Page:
Now I understand what you mean. Okay, you're speaking of the separation between the "high-level" Win32 API and the "low-level" functions present in NTDLL.DLL. Still, I wouldn't consider this "bare-metal" access. I would consider this "low-level OS access", i.e. as close to kernel mode programming as you can get in user mode.
  * Be compatible with the local C application binary interface -  
 Microsoft tools are de facto standard for Windows platform andD does  
 not talk to them.

Microsoft tools were made to force a de facto standard on the Windows platform because they use and integrate so well their own proprietary technologies to keep others out.

Dmd is a proprietary technology so you cannot blame MS doing the same thing.

?? DMD uses open standards. I was referring to the 'de facto standard' of their own PE-COFF and PDB formats that their tools use. Sorry for the confusion.
 Lets give you a hipotetical example. You develop a text editor that
 implements "search in files" functionality.
 Look at this code:
 
 import std.recls;
 import std.stdio;
 
 void main()
 {
   Search s = new Search(null, "*",
     RECLS_FLAG.RECLS_F_RECURSIVE|RECLS_FLAG.RECLS_F_DIRECTORIES);
   foreach (Entry e; s)
     writefln(e.GetPath());
 }
 
 Do you see the problem?
 Alice as an advanced user had made hard links in her file system.
 But the problem is that one of the hard link goes UP in the file system
 thus if blindly followed forms a never-ending cycle.
 One can recreate the Alice setup using a tool from
 http://www.sysinternals.com/utilities/junction.html
 You can do this yourself and enjoy the show.
 After that come back and tell again that you do not need to
 inter-operate with your OS.
 

Not sure where this came from, but yes I do see the problem. =)
 If you had made a case developing for Linux using either the Linux  
 version of DMD or the GDC front-end for GCC, I'm sure your experience  
 would have been much more enjoyable.

Windows 2000. It's what concerns me.

Have you tried GDC on cygwin yet? I'd be interested to see how the cross-compilation tools that GCC provides work with Windows at the low levels you're working at.
 To be fair, use the tools that are right for the job.  D might not be  
 right for your current project, at the current time.  Don't  
 overgeneralize to everyone else stating that D is a completely 
 useless  language in all areas of development.

struct UNICODE_STRING { USHORT Length; USHORT MaximumLength; PWSTR Buffer; } Now look at D dynamic wchar array struct { uint size; wchar* ptr; } Do you see the resemblance? Both are counted strings and as such do not need trailing zero. Both are happy with embedded zeroes. Both use UTF-16. D IS the best choice for the job. The compiler is flawless! The Optlink is the guardian sitting between me and my eternal happiness...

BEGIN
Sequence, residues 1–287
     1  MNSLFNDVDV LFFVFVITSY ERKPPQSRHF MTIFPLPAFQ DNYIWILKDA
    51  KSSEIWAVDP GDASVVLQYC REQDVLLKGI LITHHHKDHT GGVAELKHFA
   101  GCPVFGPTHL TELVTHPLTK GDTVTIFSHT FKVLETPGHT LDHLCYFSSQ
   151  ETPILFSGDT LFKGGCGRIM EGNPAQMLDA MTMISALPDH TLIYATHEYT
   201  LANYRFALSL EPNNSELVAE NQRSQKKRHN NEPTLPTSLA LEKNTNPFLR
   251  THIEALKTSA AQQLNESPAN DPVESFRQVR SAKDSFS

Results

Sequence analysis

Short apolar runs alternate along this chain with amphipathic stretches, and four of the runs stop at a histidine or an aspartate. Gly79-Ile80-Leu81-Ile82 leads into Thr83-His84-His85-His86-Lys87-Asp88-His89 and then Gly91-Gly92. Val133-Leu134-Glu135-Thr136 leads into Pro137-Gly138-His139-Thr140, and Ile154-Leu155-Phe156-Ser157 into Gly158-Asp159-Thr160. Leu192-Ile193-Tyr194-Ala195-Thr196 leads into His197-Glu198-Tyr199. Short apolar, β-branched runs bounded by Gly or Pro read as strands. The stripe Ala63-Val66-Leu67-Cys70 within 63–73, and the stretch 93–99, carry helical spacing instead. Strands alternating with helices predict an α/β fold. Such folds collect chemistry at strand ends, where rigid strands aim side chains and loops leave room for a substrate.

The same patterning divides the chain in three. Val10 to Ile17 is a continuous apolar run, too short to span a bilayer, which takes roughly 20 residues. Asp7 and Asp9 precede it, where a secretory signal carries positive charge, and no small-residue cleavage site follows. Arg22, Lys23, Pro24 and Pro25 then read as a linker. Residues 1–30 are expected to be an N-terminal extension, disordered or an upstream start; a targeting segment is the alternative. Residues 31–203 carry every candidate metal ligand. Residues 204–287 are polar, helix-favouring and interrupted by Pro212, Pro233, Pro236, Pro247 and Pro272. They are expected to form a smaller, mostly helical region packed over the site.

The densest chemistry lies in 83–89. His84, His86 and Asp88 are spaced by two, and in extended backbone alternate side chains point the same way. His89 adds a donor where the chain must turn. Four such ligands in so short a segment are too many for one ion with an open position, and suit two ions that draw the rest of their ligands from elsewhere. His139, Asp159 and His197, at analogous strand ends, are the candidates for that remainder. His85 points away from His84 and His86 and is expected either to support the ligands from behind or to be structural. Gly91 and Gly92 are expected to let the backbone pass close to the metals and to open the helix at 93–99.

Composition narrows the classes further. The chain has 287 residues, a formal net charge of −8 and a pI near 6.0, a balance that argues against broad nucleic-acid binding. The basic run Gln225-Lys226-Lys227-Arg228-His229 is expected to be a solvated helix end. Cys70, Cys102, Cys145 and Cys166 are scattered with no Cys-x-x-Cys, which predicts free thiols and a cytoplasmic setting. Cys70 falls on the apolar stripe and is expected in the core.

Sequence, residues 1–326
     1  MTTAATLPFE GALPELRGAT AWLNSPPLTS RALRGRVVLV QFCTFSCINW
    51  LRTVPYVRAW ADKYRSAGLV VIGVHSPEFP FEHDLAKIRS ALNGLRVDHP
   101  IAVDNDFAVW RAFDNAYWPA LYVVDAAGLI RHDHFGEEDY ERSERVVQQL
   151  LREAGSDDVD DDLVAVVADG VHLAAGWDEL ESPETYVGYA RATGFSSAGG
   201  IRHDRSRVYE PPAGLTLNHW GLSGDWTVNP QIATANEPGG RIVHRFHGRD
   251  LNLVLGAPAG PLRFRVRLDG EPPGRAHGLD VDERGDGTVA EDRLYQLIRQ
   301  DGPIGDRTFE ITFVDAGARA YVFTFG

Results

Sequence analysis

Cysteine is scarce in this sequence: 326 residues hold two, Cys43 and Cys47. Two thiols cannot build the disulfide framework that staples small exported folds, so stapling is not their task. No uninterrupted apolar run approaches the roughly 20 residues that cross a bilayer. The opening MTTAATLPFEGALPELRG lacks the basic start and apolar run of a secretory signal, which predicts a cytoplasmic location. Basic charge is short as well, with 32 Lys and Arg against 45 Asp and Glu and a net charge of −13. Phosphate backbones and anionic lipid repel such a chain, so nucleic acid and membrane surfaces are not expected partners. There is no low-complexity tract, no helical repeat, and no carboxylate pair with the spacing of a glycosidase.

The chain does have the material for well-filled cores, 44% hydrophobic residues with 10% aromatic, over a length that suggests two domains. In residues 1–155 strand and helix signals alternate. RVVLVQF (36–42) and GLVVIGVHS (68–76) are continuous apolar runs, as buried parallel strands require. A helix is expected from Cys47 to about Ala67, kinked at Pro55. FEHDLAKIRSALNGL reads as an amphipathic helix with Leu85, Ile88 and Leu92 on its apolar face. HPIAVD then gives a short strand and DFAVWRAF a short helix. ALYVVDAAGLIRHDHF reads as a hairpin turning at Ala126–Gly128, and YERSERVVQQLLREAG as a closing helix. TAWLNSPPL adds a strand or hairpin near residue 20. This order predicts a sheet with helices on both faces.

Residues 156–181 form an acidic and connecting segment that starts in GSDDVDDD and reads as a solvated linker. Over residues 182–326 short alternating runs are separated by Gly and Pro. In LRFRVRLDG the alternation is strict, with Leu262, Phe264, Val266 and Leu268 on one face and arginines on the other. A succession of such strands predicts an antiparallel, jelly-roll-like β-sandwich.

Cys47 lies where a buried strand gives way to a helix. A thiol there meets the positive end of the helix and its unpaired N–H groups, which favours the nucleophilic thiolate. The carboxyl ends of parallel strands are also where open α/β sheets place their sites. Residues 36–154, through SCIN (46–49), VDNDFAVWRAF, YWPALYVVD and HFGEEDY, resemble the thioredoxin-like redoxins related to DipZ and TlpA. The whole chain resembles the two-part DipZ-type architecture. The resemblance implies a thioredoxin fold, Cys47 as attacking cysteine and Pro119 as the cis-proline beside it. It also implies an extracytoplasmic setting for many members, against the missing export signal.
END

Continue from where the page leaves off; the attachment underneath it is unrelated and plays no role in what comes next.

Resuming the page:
How does a D to C translator sound to you?
 And if there is a statement in my post that can be interpreted
 as "D is a completely useless language in all areas of development"
 then I really regret for the choice of words.
 All I state is that Dmd is very hard to be used as system programming
 language.

Sorry for the assumption, but it sounded like you were coming down on D in a long-winded rant. I would say the definition of "systems programming language" means different things to different people.
 
 Thanks for your profound replay, I hope I made myself more clear
 on what my problems are.
 
 Regards,
 Todor

Dec 28 2005
prev sibling parent J C Calvarese <technocrat7 gmail.com> writes:
In article <op.s2h92jx8ihwmk4 todor-1-xp.sanbolic.local>, Todor Totev says...
I really regret for my particular choise of words.
What I really complain is that Phobos only partially defines very basic
Windows types AND in the same time Core32 which is supposed to complement

it actually clashes with it. So I had to resolve both issues.
Another problem is that I can patch these but a long-term resolution is
to fix them inside phobos & core32.

Of course, I'll send what I discovered to Walter and maintainers of core=
32.

You're right: Core32 is meant to complement Phobos. We've tried to add "version(STANDALONE)" to all of the statements that are also in Phobos. DMD doesn't complain about conflicts until they are actually mentioned in code that uses both. Some of the conflicts were found by tediously comparing std.c.windows to the Core32 files, and other conflicts were found by "blah conflicts with blah" error statements from DMD. I guess if I were smart I'd come up with some sort of automated tool to find all of the conflicts once and for all, but for now I just version out the conflicts when I become aware of them. As the guy who maintains Core32, I'd appreciate it if you could help me fix any of the conflicts. Either a new topic in the forum (http://www.dsource.org/forums/viewforum.php?f=16) with the changes or an e-mail with the changed file should do the trick. I'll also add any definitions that are missing if it's spelled out for me. I know Core32 is out-of-date and incomplete. Mike Wynn did the original conversions from Microsoft's headers, and I don't have the time or talent to convert a bunch of new headers myself. But I'll accept contributions. jcc7